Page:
Since opening in 1948 with eight lanes and a staff of wiry high-school kids resetting each pin by hand, Wood Dale Bowl has grown with its community to become a beloved entertainment destination. Current owner Mike Melone started at the alley when he was only 14 years old, bussing tables and chasing pins led astray by delinquent bowling balls. Mike signed as a partial owner with fellow manager Chuck Hall in 1978, taking over control of an alley that was part sports venue, part community gathering spot. Whether stewarding Fenton High School’s women's bowling team to three state championships or joining volunteers to rebuild the lanes after a devastating 1987 flood, Mike and Chuck have ensconced Wood Dale Bowl into the neighborhood consciousness. Their work also shows within the current facility, which hosts 16 Brunswick lanes, automatic scoring systems, cosmic bowling nights, and league opportunities for adults and children.
Elk Grove Bowl first cracked open its doors in August 1963, and since then, it has evolved in step with technology to become a modern 40-lane alley with automated scoring. Bright colors splash every corner of the space, flaring to life under the black lights of Cozmic bowling, when fog and pulsing music fill the air to make competition seem more urgent and friends' faces seem more attractive. Year-round leagues, including the peewee bumper league for kids, help athletes to hone hurls and spins.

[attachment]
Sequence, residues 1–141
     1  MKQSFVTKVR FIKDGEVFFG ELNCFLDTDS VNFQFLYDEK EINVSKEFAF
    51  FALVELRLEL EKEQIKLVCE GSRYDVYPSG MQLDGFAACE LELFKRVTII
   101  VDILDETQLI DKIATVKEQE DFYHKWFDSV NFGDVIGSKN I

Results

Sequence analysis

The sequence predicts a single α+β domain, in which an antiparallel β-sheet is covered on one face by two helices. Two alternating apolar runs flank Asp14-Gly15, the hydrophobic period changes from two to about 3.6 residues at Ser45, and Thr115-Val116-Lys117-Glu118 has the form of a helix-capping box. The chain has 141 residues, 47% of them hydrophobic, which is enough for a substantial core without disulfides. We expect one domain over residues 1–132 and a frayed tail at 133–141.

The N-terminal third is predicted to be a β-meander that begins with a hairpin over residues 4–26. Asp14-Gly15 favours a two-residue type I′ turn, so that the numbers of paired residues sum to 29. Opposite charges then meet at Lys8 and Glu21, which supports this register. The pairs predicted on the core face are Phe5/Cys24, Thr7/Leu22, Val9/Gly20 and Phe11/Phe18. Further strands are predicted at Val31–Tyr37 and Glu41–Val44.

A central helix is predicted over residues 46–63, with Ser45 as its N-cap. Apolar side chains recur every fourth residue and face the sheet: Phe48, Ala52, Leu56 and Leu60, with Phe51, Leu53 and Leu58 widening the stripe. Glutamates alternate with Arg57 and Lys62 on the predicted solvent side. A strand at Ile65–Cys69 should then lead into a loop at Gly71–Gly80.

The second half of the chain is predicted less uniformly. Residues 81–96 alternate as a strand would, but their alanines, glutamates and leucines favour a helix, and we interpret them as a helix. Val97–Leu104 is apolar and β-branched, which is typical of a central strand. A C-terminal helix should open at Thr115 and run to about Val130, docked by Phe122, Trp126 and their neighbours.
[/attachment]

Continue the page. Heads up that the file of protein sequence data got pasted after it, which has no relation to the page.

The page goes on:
Bowlers can also sharpen hand-eye coordination atop pool tables emblazoned with portraits of Chicago's skyline and sports stadiums. Nearby, libations clutter a steel-topped bar and electric-blue booths in a restaurant ringed with vintage bowling photography. A private room is equipped with all of the trappings for birthday bashes, such as pizza, soda, and festive plates sliced from tree trunks that share the birthday girl's birthday.
Brunswick Zone has been a trusted name in recreational pin pulverizing for more than a century, providing good times to patrons across the country. Friends and families season afternoons with a pleasant peppering of strikes, spares, and easygoing gutter balls under classic bowling conditions, or take the next bold step in ball-hurling evolution and engage in a round of cosmic bowling, where dancing lights, thumping tunes, and black-lit gear light up the full sensorium. At XL locations, game rooms beckon with nimble joystick workouts on classic and modern arcade games.
Every day of the week, Lisle Lanes rumbles as bowling balls collide with pins on 32 lanes. The facility remains a constant hive of activity, spreading competition across a combination of leagues, tournaments, parties, and pickup games. When they’re not secretly filling an opponent’s ball with cake frosting in between frames, players keep busy by visiting the onsite pro shop or the Kingpin Grille, stocked with freshly made pizzas, sandwiches, and burgers. They can also visit the alley’s game room or lounge for additional doses of recreation.